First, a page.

Having escaped with her mother from the ravages of the war torn Mozambique, she found herself growing up in the poverty stricken eastern region of rural South Africa. Faced with hunger, disease and distrust, TiNyiko’s family struggled from tragedy to tragedy.
When the seemingly ultimate tragedy strikes and she is left with the dilemma of caring for her young siblings, TiNyiko finds herself in the concrete jungle that is South Africa’s largest city; Johannesburg, the city of gold where dreams are ground into fine dust and crushed beneath unnoticing feet.
But TiNyiko is not without hope, she is not without dreams and, most crucially, she is not without strength – a deep well of inner strength that comes from a startling experience and spiritual awakening.
When she attends the early stages of a televised international music competition, accompanying her friend to her initial audition, it is TiNyiko who catches the eyes of the television producers.
Hers is a strong back story, the kind of human drama that these TV shows thrive on. The audience will sing along with the songs, they will discuss the talents on display and make their calls to vote for their favorites; but it is the stories that they will remember, the stories that will keep them coming back for more … It is these human stories, the tragedy and triumphs that they will be able to mine for the riches gold; selling the disposable music and the over priced merchandise that what this is really all about.
And so, tragic and innocent, TiNyiko finds herself at the center of a media machine and subject of the deeply manipulative attentions of the show’s highly successful and morally bankrupt star producer.
Every step closer to the prize, every dramatic moment of television drama, every challenge that she overcomes, every obstacle she faces and defeats, every victory she celebrates; they all carry with them – as a Viral load – the corruption that sits at the heart of the corporate machine. A corruption that would like nothing more than to dirty the pure soul of this young girl, even while it sells slivers of that very purity to a cynical world.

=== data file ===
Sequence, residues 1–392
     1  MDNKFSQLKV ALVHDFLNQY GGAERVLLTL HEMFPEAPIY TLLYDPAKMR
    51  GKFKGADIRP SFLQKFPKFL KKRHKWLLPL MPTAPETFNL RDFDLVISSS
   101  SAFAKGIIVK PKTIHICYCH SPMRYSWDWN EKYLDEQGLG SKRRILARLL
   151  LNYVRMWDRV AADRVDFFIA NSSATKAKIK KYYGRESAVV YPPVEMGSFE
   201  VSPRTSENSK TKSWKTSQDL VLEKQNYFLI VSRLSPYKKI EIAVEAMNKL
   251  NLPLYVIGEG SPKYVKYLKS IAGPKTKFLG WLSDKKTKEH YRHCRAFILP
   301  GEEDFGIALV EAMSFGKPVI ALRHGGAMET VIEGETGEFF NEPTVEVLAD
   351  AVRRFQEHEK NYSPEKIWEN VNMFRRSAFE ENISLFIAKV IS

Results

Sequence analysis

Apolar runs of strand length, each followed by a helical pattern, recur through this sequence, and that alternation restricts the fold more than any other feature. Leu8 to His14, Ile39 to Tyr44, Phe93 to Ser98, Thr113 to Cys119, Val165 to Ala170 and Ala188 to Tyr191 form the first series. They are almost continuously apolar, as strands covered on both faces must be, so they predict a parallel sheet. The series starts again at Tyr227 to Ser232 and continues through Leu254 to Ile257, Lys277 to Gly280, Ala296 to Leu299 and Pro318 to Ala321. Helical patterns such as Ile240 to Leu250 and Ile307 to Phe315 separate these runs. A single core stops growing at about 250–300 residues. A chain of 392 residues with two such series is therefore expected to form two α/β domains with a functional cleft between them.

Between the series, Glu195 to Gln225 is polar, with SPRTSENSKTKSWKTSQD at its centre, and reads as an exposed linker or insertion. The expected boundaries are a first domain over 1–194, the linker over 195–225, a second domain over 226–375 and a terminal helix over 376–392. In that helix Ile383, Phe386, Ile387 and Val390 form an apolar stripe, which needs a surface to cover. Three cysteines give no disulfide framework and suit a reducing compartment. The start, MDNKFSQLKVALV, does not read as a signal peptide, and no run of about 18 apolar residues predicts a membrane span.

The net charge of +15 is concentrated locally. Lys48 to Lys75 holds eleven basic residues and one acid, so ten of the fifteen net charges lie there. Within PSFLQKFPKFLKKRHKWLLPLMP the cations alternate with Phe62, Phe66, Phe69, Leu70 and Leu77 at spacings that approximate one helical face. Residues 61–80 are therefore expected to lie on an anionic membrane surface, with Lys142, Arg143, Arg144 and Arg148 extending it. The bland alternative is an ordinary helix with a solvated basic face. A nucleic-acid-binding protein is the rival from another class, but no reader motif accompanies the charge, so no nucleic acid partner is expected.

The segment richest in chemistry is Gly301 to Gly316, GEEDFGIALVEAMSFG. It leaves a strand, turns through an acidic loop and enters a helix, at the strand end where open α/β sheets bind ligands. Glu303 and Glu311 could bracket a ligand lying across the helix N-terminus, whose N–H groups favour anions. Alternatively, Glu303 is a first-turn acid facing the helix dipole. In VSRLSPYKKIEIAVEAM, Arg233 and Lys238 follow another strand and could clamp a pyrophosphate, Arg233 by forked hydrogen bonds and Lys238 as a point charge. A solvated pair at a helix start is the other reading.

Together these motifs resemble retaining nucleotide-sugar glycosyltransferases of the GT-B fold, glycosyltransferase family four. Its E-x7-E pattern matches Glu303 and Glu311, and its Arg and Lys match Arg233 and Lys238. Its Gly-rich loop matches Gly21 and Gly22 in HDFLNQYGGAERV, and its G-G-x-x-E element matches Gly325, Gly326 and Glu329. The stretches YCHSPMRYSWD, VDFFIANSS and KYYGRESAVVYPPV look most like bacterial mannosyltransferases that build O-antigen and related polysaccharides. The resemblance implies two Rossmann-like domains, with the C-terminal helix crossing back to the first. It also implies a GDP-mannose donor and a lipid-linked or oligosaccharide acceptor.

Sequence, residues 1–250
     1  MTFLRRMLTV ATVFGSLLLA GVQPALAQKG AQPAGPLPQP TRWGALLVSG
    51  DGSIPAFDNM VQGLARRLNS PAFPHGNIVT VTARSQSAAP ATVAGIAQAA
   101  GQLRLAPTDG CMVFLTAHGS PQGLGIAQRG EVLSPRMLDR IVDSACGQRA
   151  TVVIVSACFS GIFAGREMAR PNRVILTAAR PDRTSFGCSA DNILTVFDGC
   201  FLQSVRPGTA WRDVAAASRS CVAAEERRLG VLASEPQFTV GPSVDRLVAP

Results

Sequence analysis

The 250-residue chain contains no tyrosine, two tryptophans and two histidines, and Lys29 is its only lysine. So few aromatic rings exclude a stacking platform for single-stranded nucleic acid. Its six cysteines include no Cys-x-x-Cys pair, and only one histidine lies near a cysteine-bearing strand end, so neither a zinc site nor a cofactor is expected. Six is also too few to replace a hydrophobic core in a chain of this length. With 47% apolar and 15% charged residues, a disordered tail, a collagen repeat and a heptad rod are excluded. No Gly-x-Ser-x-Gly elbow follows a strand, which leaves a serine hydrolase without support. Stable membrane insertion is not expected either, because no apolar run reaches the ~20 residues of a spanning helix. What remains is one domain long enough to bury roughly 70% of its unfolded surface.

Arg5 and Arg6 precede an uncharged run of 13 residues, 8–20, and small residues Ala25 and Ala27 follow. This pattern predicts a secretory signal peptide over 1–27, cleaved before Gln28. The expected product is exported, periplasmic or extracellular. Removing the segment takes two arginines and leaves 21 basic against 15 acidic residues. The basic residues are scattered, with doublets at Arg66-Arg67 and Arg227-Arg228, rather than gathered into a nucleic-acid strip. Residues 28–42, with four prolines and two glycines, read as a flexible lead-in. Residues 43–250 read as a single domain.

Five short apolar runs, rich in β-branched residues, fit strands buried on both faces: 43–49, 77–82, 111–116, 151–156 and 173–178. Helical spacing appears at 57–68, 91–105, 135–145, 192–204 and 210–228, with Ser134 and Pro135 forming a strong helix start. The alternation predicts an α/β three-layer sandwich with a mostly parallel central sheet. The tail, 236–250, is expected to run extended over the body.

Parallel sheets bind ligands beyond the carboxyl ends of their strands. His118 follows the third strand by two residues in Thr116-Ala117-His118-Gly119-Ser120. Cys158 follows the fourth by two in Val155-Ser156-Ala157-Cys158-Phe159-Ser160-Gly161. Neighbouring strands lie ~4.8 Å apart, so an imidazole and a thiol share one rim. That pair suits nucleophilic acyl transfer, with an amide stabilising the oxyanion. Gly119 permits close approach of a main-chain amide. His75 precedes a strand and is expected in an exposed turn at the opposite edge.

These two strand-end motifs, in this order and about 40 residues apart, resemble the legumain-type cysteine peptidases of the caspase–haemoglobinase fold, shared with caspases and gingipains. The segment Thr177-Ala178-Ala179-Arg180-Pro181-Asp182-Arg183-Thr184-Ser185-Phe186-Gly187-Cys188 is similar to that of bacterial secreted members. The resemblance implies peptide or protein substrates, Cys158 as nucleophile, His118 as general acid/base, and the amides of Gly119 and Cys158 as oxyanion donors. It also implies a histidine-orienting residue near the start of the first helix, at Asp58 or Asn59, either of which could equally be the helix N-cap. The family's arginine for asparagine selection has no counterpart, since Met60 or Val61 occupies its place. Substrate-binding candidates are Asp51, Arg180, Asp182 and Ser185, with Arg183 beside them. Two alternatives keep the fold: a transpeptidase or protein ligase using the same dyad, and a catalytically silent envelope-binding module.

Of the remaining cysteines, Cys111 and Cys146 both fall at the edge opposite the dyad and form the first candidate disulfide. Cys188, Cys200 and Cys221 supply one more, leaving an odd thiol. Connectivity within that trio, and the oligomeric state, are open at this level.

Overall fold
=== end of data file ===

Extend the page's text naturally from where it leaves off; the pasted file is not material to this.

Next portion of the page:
As we progress through the competition, the value calls get tougher, the compromises more complex and the stakes grow ever higher for TiNyiko and her fellow contestants who are the product at the heart of the storm.
Ultimately, the machinations and manipulations of the producer place Tinyiko in a place where she must decide who she really is.
She has the potential to achieve everything she could have dreamed about, she has the potential to put her tragic past behind her forever and reach levels of fame and wealth that her parents would not even have dreamed possible.
And all she must do is forget who she is, forget what she believe in and be who they want her to be.
In her darkest hour TiNyiko is faced with the ultimate battle – not just a battle against the venality of the TV series and the cynical people who feed that beast, but a battle against the very darkness that would steal away her soul. A battle against the forces of evil for whom any form of purity is a bright light to be snuffed out.
And so, when she has the whole world laid at her feet, this young girl who once wheeled her dying mother through a darkened village in a wheel-barrow, desperately searching for the help that would never come must decide who she wishes to be, what kind of person she is and what she really believes.
And when she steps out onto that stage for the last time she is not just singing for the competition, she is singing for her soul.
Heather McKibbin thanks Paul Rowlston for his contribution in summarizing the book for us